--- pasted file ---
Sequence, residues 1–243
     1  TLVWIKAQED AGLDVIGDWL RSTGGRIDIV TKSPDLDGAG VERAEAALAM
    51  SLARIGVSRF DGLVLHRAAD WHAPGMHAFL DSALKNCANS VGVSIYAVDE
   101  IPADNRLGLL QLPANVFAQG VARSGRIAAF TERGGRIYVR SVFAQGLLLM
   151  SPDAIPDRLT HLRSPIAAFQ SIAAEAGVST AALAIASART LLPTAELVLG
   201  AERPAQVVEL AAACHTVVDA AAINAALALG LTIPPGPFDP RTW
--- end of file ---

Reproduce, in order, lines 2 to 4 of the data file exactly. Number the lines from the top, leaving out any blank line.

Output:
     1  TLVWIKAQED AGLDVIGDWL RSTGGRIDIV TKSPDLDGAG VERAEAALAM
    51  SLARIGVSRF DGLVLHRAAD WHAPGMHAFL DSALKNCANS VGVSIYAVDE
   101  IPADNRLGLL QLPANVFAQG VARSGRIAAF TERGGRIYVR SVFAQGLLLM